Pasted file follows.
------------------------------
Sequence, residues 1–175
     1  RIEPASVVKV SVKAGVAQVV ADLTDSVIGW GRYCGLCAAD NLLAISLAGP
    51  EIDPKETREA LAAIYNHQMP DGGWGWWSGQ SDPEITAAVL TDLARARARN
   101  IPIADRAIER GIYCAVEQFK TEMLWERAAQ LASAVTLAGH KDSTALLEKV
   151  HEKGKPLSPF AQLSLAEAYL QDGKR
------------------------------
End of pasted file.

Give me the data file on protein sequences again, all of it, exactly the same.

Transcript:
Sequence, residues 1–175
     1  RIEPASVVKV SVKAGVAQVV ADLTDSVIGW GRYCGLCAAD NLLAISLAGP
    51  EIDPKETREA LAAIYNHQMP DGGWGWWSGQ SDPEITAAVL TDLARARARN
   101  IPIADRAIER GIYCAVEQFK TEMLWERAAQ LASAVTLAGH KDSTALLEKV
   151  HEKGKPLSPF AQLSLAEAYL QDGKR